Jase Robertson is a self-declared “homebody.”
When he’s not hunting or attending church, community and charity events, home is where the former star of “Duck Dynasty” fame most likes to be.
“I love being with and doing things with my family. I think that would surprise people to know that about me,” Robertson said in a recent phone interview from his home in West Monroe, La., where he lives with his wife, Missy, and daughter, Mia. Their son, Reed, and his wife, Brighton, live in Nashville, Tenn., and Cole attends Pepperdine University. He also enjoys playing golf with his brothers, Alan (the beardless brother), Willie and Jep, all of whom were featured in the A&E reality TV show.
Robertson will be the featured speaker during the Triad’s Inaugural Great Outdoor Expo from 9 a.m. to 4 p.m. on Sept. 14 at the Denton FarmPark, 1072 Cranford Road, Denton.
“I really have one speech, which is based on the book, ‘Good Call: Reflections on Faith, Family and Fowl.’ My parents weren’t Christians when I was growing up. My parents were separated, and it was after my father was saved that it really felt like we all became a family. Hunting became something we would do together, that brought us not only closer to each other, but to God.”
Starting at age 8, Jase was in the woods hunting as much as possible.
“I would miss the maximum number of days allowed at school so I could go duck hunting. When it came to missing school, my father would say, ‘Technically, you’re sick. You have duck fever, after all,” he said with a laugh.
Since April, Robertson joked, “I have fallen off the radar. Missy has kept up with my social media, but I haven’t.”
Robertson found that his family, like others, was addicted to their cell phones.
“As parents, we are the first line of defense in our children’s lives. We have to be proactive. There are so many things on the internet and social media that our kids are being exposed to today. It’s not like it was when we were kids,” he said.
He asked Mia to surrender her phone for the summer.
“I told her that I wasn’t going to be on mine, either,” he said. “I believe we are in a national crisis when it comes to internet, social media and cell phone use by our kids.”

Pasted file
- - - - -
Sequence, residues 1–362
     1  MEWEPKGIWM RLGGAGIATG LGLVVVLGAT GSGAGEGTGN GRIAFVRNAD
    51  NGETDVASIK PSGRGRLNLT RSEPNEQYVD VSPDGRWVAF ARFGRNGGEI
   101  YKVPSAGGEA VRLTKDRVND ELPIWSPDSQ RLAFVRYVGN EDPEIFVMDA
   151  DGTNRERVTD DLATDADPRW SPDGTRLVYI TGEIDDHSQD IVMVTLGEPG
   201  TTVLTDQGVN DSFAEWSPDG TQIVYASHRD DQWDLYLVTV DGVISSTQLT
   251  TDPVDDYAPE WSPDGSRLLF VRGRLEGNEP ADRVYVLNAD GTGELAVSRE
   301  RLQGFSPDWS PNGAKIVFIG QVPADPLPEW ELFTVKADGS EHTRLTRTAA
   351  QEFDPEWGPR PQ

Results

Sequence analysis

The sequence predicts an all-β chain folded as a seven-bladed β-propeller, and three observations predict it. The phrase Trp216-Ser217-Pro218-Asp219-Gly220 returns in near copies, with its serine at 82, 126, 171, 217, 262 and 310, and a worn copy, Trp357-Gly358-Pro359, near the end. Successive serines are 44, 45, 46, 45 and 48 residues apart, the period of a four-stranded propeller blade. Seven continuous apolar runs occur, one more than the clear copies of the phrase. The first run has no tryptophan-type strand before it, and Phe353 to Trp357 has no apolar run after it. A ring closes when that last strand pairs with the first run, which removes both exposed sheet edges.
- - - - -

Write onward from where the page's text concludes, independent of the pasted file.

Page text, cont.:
He also invited the neighborhood kids to the house to talk about social media and its impact.
“Almost all of the kids, and their parents, came to the house,” he said. “We need to be invested in our kids. This made us have meaningful conversations. A phone can be good, but it can also sent our kids into a downward spiral. We have to be aware of what they’re being exposed to.”
This free time, he said, has allowed him to do more of one thing that he loves — frog hunting.
”Dove season starts the first week in September and I can hardly wait,” he said.
Mia, he said, has returned to playing piano. She went on a mission trip this summer and “now she finds she has all of this free time.”
During the 11 seasons of the A&E reality show, “Duck Dynasty,” Robertson said that while the production company would steer the show, “I never really got stressed out about it. I would show up and be myself.”
“It was one of the few TV shows out there, in my opinion, that promoted good, clean fun. I feel that we have a responsibility to do that. There’s so much bad stuff on TV. You need something the whole family can watch together,” he said.
Since the show ended in March, 2017, “life just picked right back up,” he said.
Missy started her own jewelry line called Laminin, which is created by women who have been victims of sex trafficking, homelessness and addiction.
“It’s a spiritual, Jesus-centered business,” he said.
Jase and his oldest brother, Alan, are part of a podcast with their dad, Phil. “Unashamed with Phil Robertson” features Alan as the moderator.
“To be honest, nowadays, things feel about as chaotic as they did in the ‘Duck Dynasty’ days,” he said. “It reminds me of how the TV show worked, though, because I will show up, sit down and start talking. It’s real, it’s raw and it’s unedited.”
Robertson admits that he had never listened to a podcast before, but the process has happened organically.
“We encourage folks to Google it and give us a listen,” he said. “We’re in such a cell-phone-oriented society that it’s so important to talk face-to-face. I believe that it’s important to use all of our blessings to do something positive.”